From Schütz to Orff: Germany is the land of composers

Between 1943 and 1947 the author Thomas Mann wrote a novel about the German psyche. The profession of his main character? A composer. Germany has been a focal point of music composition since the baroque period. The three Bs – Bach, Beethoven, Brahms – are just the tip of the iceberg.

For many people, Johann Sebastian Bach (1685-1750) was the greatest composer of all time. The St. Matthew Passion, the Brandenburg Concertos and The Well-Tempered Clavier: these and many other Bach works still provide musicians and composers with inspiration, even today.

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Weill's most famous work is The Threepenny Opera, which he wrote in 1928 – whilst only trying to compose 'falsely' in an artificial manner. By 1932 it had been performed in 18 languages.

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Ludwig van Beethoven (1770-1827) has a reputation as the angry Titan of the Classical music period. But Bonn's most famous son, writer of the momentous Fifth Symphony, also composed the touching piano piece Für Elise. His Ode to Joy has been the European anthem since 1972.

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You just have to love him! Wolfgang Amadé Mozart (1756-1791), the composer of The Magic Flute and Eine kleine Nachtmusik. Mozart took Viennese Classicism to its height and wrote some of the most delightful melodies in the history of music.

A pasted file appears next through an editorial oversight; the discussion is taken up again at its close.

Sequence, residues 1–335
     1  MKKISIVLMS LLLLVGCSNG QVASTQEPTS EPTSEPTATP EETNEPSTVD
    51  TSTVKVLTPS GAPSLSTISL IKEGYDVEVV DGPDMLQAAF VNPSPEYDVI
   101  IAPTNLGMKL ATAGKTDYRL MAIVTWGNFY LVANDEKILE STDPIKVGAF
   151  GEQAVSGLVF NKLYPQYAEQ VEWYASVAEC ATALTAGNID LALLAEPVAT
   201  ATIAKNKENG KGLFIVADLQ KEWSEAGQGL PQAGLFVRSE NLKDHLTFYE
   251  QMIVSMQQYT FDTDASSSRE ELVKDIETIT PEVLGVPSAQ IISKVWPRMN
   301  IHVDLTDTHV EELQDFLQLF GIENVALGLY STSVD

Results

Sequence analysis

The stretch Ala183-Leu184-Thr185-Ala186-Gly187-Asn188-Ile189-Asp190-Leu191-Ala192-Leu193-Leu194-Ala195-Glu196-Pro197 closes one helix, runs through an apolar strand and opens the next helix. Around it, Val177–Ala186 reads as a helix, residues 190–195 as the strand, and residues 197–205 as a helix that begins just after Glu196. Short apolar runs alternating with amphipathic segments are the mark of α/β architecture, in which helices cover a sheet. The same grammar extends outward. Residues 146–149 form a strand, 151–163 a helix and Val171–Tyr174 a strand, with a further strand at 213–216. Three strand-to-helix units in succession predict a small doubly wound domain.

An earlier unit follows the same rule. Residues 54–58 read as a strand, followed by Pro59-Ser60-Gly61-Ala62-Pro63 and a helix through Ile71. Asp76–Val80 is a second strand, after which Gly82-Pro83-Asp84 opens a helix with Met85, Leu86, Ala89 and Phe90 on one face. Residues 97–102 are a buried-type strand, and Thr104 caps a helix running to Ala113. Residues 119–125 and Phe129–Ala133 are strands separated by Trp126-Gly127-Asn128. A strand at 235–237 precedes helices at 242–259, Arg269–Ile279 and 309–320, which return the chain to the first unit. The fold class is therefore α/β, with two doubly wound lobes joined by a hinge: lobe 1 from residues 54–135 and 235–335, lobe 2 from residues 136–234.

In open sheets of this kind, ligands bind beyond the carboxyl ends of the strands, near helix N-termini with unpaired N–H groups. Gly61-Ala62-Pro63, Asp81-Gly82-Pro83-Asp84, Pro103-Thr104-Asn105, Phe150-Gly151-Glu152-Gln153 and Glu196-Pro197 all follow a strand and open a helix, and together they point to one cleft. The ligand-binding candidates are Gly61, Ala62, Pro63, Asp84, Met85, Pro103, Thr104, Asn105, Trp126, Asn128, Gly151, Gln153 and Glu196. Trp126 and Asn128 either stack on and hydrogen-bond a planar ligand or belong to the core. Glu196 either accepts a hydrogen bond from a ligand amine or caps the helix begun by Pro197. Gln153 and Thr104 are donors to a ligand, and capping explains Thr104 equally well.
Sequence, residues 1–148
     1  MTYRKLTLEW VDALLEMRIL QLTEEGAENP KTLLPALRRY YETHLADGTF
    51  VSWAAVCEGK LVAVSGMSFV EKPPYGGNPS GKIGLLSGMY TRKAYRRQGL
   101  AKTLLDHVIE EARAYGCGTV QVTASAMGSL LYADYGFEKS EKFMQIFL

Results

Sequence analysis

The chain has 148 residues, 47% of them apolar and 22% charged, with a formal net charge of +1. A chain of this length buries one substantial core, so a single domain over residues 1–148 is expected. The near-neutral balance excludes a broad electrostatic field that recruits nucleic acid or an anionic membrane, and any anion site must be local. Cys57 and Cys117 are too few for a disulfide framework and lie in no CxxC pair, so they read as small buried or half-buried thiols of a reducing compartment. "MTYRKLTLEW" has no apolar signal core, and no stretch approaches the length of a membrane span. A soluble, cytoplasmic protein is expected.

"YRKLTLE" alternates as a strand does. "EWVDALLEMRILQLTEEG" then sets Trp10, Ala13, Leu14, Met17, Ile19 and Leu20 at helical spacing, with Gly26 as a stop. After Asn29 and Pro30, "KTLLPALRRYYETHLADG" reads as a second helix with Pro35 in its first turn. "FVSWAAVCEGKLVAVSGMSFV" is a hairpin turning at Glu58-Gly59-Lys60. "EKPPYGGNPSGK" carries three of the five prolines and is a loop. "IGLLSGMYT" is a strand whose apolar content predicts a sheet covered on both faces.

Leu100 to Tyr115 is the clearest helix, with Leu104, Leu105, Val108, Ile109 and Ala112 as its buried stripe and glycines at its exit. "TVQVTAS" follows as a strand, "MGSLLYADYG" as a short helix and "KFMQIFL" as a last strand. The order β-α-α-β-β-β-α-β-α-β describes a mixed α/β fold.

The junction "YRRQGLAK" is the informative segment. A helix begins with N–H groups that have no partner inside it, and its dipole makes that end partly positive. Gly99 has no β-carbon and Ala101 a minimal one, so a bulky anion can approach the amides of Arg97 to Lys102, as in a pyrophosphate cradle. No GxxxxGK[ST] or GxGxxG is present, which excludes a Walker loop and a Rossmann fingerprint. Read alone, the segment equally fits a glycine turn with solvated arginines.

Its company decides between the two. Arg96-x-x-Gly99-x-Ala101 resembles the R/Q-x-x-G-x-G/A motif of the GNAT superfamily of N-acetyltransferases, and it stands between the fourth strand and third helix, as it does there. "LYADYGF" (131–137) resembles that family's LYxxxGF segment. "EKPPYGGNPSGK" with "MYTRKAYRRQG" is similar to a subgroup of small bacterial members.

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During the 1920s Paul Hindemith (1895-1963) symbolised everything that was progressive in German music. He explored the potential of radio, electronic music and jazz, and he was feted at the Donaueschingen Festival.

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The Saxony composer Richard Wagner (1813-1883) is one of the most influential high Romantic composers. He is still remembered around the world as a genius who created monumental music dramas.

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Richard Strauss (1864-1949) was a master of modern instrumentation and innovative tone colours. He earned international recognition with operas such as Salome and Elektra, as well as symphonic poems such as An Alpine Symphony and Also sprach Zarathustra.

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